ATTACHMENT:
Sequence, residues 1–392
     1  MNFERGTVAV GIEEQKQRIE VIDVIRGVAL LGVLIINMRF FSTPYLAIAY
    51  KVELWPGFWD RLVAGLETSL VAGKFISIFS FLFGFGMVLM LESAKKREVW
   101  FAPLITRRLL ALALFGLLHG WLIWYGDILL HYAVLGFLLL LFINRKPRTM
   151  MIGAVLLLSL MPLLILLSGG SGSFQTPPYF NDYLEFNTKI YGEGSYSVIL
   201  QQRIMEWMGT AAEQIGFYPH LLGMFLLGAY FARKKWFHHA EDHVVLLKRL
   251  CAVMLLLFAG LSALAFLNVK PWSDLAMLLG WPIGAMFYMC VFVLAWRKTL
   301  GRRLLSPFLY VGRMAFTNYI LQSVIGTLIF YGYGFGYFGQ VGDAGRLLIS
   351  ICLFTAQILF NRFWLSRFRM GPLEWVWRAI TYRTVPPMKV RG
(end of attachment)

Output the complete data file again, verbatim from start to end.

Sequence, residues 1–392
     1  MNFERGTVAV GIEEQKQRIE VIDVIRGVAL LGVLIINMRF FSTPYLAIAY
    51  KVELWPGFWD RLVAGLETSL VAGKFISIFS FLFGFGMVLM LESAKKREVW
   101  FAPLITRRLL ALALFGLLHG WLIWYGDILL HYAVLGFLLL LFINRKPRTM
   151  MIGAVLLLSL MPLLILLSGG SGSFQTPPYF NDYLEFNTKI YGEGSYSVIL
   201  QQRIMEWMGT AAEQIGFYPH LLGMFLLGAY FARKKWFHHA EDHVVLLKRL
   251  CAVMLLLFAG LSALAFLNVK PWSDLAMLLG WPIGAMFYMC VFVLAWRKTL
   301  GRRLLSPFLY VGRMAFTNYI LQSVIGTLIF YGYGFGYFGQ VGDAGRLLIS
   351  ICLFTAQILF NRFWLSRFRM GPLEWVWRAI TYRTVPPMKV RG